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Info needed for the ATA problems of today

5138 Views 70 Replies 26 Participants Last post by  mx2k33
1. Who was ATA president and on the BOD when shell rules were changed to 1250fps 1 1/8th.?

2. Who was ATA President and on the BOD when targets were changed to 2 hole and target angles were reduced?

This is where the problems started with membership declines.

Put the blame where it belongs.

The 30 yard line would be a mute point.

Quit nagging at Brad Dysinger, Ask Leo, Kay, Ray, Britt, and other early Grand Slam Shooters for their opinions on this issue

Gary Bryant
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Have you tried contacting the ATA???

The ATA is as tired of hearing his babble as we are here.

Blah Blah Blah Blah
What the hell is in the water in Ohio?

If we use the GAH as a proxy for trapshooting participation, the decline started in 1994.

That pre-dates both of the "incidents" that you claim are the smoking gun.

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Looks at the numbers and the years...

Post WW1... @50% decline in participation...

Late Roaring 20s after post WW1 recovery flat - 15% bump...

Post WW2... 100% bump with returning GIs and available ammo...

Growth during the Eisenhower Recession Era

Growth during Oil Embargo until Jimmy Carter

Flat during Reagan

Growth during Bush #1

Clinton Era Retraction

Bush #2 Freefall

Martin $$$ bump

I don't know... seems historically, the ATA experienced growth during period of less than ideal economics with flat or retracting participation in better times... if you take out the bump after WW2 under Truman...

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Longshot, you are darn near the most frustrating poster on The fact that the shotspeed rule is 1200 fps according to ANSI/SAAMI definitions - and therefore allows a maximum of 1290 fps, has been explained to you, in detail and with documentation at least ten times, as well as the FACT that never, ever, not once has the ATA rule read 1200 fps. When are you going to quit claiming otherwise? When are you going to listen?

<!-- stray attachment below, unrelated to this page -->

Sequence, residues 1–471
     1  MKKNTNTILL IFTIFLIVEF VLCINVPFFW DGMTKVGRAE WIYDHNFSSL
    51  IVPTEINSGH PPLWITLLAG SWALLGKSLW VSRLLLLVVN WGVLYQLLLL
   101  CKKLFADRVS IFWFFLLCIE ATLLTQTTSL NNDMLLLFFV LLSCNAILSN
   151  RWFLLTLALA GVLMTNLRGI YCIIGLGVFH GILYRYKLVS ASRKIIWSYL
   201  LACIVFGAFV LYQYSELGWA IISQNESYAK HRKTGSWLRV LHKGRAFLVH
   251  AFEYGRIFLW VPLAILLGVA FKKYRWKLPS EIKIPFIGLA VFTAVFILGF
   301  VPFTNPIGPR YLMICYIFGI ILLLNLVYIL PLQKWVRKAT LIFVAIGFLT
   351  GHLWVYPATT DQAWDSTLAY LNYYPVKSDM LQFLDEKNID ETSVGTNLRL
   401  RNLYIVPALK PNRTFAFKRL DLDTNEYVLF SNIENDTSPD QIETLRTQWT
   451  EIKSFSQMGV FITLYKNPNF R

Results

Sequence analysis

But still, your question, if you had asked it correctly, "When did the ATA accept SAAMI standards for shot speed?" can't be answered. It's not in any minutes of the meetings of the BOD. There is a sidelong reference naming a participant (not me!) but otherwise, nothing.

When Phil Kiner proposed a lower number at a recent BOD meeting and I advised the Delegates not to do it, I asked the person who made the original SAAMI motion (by my and an Iowa Delegate's memory) and he didn't remember it all. So you question can't be answered. I don't remember what year and the guy we think did can't even remember doing it. So, sadly, you came up dry on this one.

So why did I advise the BOD not to vote for Mr. Kiner's proposal?

Several reasons. Speed is not a problem now (see reference later). That's the best answer for not doing anything I know of.

The ATA is not capable of enforcing a speed rule because they are not capable of measuring shot speed. Believe me.

But the biggest reason is that the whole thing about raising the shot-speeds and all that is just a bunch of hooey promoted by people who simply don't know what they are talking about.